BEHIND THE LENS: ANDREW KILGORE
How a Fayetteville photographer found his calling and a deeper truth in the faces of strangers
It was the early 1970s, and Virginia-born Andrew Kilgore, then a budding photographer, found himself at a crossroads. Should he move to the East Coast and apprentice with an established photographer, or should he remain in Fayetteville, a place he’d fallen hard for while visiting a friend, and just try to find his own way? He chose the latter route, a path that led him to become one of the Natural State’s preeminent photographers, as well as one of its most prolific: Over the years, he’s captured the faces of tens of thousands of Arkansans.
On an outrageously warm February afternoon, he sits with me in his studio, a small room in a quaint Fayetteville cottage that doubles as his home. Looking down on us is a wall filled with the black-and-white portraits he’s become so well known for. It’s hard to look away from the photographs, as each is as arresting as the next, and all lead me to ask my first question:
Who are these folks?
The top row is part of a project called Let there be Light: 100 Black Men, and the point of the project is to photograph all of the different ways that African-American men live their lives, from professors to doctors to fathers to homeless people to manual laborers. I view it as a way to create a cultural bridge, one that isn’t about politics, but is just about being a person.
The bottom two rows—those are photographs that [I’ve taken] at St. Paul’s Episcopal Church in Fayetteville, at their community lunches. They’re all pictures of people who live in extreme poverty. I’m hoping when people see these photos, they come to realize that these are just real people. The way we invite people to be part of this project is to pay them $20 for their participation. About two-thirds of the project has been paid for with contributions. The irony is the people who donate the $20 bills. To them it’s a sum that’s no big deal, but to the recipients, the money will change their life for a day or two.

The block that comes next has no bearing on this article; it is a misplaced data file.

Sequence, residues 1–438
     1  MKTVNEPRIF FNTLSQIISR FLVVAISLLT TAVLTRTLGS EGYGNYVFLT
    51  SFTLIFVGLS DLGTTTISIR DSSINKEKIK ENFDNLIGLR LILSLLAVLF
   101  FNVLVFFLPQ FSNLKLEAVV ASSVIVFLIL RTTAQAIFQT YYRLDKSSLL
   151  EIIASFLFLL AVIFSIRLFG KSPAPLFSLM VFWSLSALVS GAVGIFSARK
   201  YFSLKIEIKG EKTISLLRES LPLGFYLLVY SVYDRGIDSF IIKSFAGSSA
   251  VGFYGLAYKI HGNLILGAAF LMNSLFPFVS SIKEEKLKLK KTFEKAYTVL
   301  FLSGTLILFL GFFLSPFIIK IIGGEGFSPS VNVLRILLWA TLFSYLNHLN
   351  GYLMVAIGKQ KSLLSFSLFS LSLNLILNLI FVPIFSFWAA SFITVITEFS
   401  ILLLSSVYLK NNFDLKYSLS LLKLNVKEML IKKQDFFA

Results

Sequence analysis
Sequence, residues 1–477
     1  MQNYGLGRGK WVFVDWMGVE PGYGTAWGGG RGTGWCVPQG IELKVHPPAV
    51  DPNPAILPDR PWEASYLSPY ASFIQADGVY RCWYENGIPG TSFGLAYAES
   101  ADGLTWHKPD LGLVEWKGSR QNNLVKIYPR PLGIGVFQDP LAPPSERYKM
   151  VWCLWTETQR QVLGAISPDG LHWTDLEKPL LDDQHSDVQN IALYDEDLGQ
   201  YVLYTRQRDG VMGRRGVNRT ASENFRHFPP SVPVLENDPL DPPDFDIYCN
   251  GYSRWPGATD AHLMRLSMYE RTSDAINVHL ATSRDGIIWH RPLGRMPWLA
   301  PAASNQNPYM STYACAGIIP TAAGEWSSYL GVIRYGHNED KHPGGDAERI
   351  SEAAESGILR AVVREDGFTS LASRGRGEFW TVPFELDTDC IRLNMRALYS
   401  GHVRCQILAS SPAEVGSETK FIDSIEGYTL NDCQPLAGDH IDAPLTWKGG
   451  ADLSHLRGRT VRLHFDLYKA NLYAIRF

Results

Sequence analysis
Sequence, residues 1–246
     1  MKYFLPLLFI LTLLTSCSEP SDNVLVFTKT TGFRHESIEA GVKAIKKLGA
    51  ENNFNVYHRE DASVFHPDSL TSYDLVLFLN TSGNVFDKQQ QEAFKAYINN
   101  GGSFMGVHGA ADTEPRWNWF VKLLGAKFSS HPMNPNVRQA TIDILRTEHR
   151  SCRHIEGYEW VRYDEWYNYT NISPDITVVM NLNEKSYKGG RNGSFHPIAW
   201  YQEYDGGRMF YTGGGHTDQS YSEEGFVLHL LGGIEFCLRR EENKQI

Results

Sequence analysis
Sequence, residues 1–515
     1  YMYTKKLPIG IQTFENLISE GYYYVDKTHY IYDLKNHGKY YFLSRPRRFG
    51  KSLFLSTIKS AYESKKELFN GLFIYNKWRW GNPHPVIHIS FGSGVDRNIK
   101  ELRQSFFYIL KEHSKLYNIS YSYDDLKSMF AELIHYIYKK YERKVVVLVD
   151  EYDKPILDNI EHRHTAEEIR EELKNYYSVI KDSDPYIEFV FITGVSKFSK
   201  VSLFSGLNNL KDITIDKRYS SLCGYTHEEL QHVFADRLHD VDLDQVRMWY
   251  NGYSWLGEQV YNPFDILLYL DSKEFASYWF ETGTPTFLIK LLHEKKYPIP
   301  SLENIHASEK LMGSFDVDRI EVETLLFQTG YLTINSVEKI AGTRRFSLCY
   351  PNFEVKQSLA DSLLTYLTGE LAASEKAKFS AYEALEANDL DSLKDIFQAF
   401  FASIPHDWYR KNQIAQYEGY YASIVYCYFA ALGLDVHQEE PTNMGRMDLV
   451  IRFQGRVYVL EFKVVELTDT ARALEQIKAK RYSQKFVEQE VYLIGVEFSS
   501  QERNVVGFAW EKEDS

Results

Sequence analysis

Why portraits? What got you so interested in capturing people—mostly normal, hard-working people?
My education was in philosophy and religion, and there was a time when I was young when I was drawn to ministry and then the Peace Corps. So I’ve always had a real fascination with and love for what other people are experiencing. And particularly how people experience their own identity, their own feeling of being inside their skin. I’m interested in the ways that people experience themselves from the heart. So I try to make photographs, even of little kids, where you just have a sense of a person’s deeper knowledge of himself or herself.
How do you capture that?
I just love people as much as I can, and I think that’s really the most honest thing I can say about it. I really feel a deep affection for even people that I’m just meeting for the first time. An “appreciation” is a good word, a real desire for them to be OK. For them to be well. To be loved. And people respond to that.